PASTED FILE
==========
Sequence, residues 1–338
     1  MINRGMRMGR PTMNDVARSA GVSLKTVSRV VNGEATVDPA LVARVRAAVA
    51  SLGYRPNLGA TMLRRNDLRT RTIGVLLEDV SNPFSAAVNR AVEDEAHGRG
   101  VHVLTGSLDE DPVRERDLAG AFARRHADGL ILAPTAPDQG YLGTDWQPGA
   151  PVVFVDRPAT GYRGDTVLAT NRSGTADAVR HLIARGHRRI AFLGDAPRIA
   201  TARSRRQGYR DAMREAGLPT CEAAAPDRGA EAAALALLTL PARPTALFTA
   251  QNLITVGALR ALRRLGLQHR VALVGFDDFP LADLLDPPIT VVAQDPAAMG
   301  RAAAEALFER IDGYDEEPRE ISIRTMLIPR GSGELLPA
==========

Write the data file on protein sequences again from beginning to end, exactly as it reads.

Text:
Sequence, residues 1–338
     1  MINRGMRMGR PTMNDVARSA GVSLKTVSRV VNGEATVDPA LVARVRAAVA
    51  SLGYRPNLGA TMLRRNDLRT RTIGVLLEDV SNPFSAAVNR AVEDEAHGRG
   101  VHVLTGSLDE DPVRERDLAG AFARRHADGL ILAPTAPDQG YLGTDWQPGA
   151  PVVFVDRPAT GYRGDTVLAT NRSGTADAVR HLIARGHRRI AFLGDAPRIA
   201  TARSRRQGYR DAMREAGLPT CEAAAPDRGA EAAALALLTL PARPTALFTA
   251  QNLITVGALR ALRRLGLQHR VALVGFDDFP LADLLDPPIT VVAQDPAAMG
   301  RAAAEALFER IDGYDEEPRE ISIRTMLIPR GSGELLPA